The protagonist of this tale was a product of his circumstances. His baptism by fire happened early, through an incident very common during those days. In 1949, Bowbazar Street in Calcutta saw a protest march by a small group of communists. As the party had been banned in the state, the agitation met with police intervention. In the ensuing mayhem, five people were gunned down, including four female members of the communist party. The incident was gruesome enough to disturb any free-thinking individual, including a 20-year-old who was suitably restless for this age.
It is about this restless spirit Kanu Sanyal, who would later become the poster boy of the Naxalbari left-wing revolt of the 1960s and ’70s, that this engaging analytical book talks about. The broad daylight murders so shocked him that he decided to join the Communist Party of India (CPI).
Bappaditya Paul vividly captures Sanyal’s daringly dangerous journey that ended in his suicide at his office at Sebdella Jote, Siliguri, in March 2010. As has been noted, Sanyal was carefree, mischievous and dominating as a child. And these “not-so-welcome traits” made him a nuisance in the eyes of his parents, relatives and neighbours. He was neither keen on studies nor did he pay much heed to parental advice on good behaviour. That said, young Sanyal was not the “type who would always digest unjust treatment (or rather, his perception of it) in silence”, notes Paul.
Sanyal’s entry into the communist movement was neither by design nor by accident. In fact, as a teenager, he hated Indian communists for their open dislike of the ways of Netaji Subhas Chandra Bose. Interestingly, in 1944, when the communist party set up a branch at Kurseong, Sanyal and friends destroyed the signboard of their newly opened party office. Sanyal was so fond of Bose that one day he visited the revolutionary at Giddha Pahar in Kurseong, where he was kept under house arrest by the British government. The boy even managed to get an autograph from arguably the most intriguing rebel of the Indian freedom movement. The kind of equation that developed was completely one-sided: Sanyal was forever “charmed” by Bose. This hero worship, perhaps, was one of the reasons behind Sanyal’s dangerous liaisons with armed struggle later during his eventful life.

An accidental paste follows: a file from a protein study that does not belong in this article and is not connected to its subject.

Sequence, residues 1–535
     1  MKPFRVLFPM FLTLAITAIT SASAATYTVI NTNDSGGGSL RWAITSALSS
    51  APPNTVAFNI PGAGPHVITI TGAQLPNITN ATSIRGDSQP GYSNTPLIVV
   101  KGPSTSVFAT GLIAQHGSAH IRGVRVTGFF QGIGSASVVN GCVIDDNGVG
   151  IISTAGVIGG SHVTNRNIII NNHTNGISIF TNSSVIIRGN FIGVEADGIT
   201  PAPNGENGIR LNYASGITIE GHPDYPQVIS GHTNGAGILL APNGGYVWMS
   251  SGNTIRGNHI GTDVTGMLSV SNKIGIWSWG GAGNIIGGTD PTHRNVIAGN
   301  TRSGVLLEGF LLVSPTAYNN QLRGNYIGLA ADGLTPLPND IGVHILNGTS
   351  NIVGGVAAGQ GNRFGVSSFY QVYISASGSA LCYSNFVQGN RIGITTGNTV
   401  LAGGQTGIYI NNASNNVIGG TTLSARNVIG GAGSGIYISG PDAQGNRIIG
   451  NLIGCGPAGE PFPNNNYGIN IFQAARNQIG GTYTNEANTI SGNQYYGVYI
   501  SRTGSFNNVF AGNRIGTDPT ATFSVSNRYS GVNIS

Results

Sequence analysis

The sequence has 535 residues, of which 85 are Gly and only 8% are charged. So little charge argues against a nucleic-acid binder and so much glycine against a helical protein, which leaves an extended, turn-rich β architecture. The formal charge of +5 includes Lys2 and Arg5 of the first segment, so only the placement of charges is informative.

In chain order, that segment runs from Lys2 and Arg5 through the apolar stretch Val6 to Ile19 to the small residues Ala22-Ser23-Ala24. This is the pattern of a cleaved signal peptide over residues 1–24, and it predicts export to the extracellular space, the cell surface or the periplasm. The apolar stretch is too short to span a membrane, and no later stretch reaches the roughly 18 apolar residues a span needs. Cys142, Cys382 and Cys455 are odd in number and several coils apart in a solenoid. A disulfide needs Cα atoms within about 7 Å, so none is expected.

The pro-poor, pro-farmer leanings of the communist party soon caught young Sanyal’s attention and along with a few friends he started the Jana Raksha Samity. And that eventually took him to the CPI itself. But Sanyal later admitted that his decision to join the communist movement was not driven by ideology but was a reflection of trying to arrive at a radically new and different conjuncture to view life and its angularities.
Rebellion has its own idiom. Soon enough, violence and marches became Sanyal’s frequent companions, especially after he parted ways with the Communist Party of India (Marxist) over ideological differences and floated a Maoist movement with mentor Charu Mazumdar in Naxalbari, a village in north Bengal that became synonymous with the left-wing guerrilla movement in India.
The book does not create anything spectacularly dramatic: it is in huge contrast to Jon Lee Anderson’s Che Guevara: A Revolutionary Life, a classic example of high romance invested in a revolutionary. Rather than building on individual and social trends, Paul focusses on only the essentials.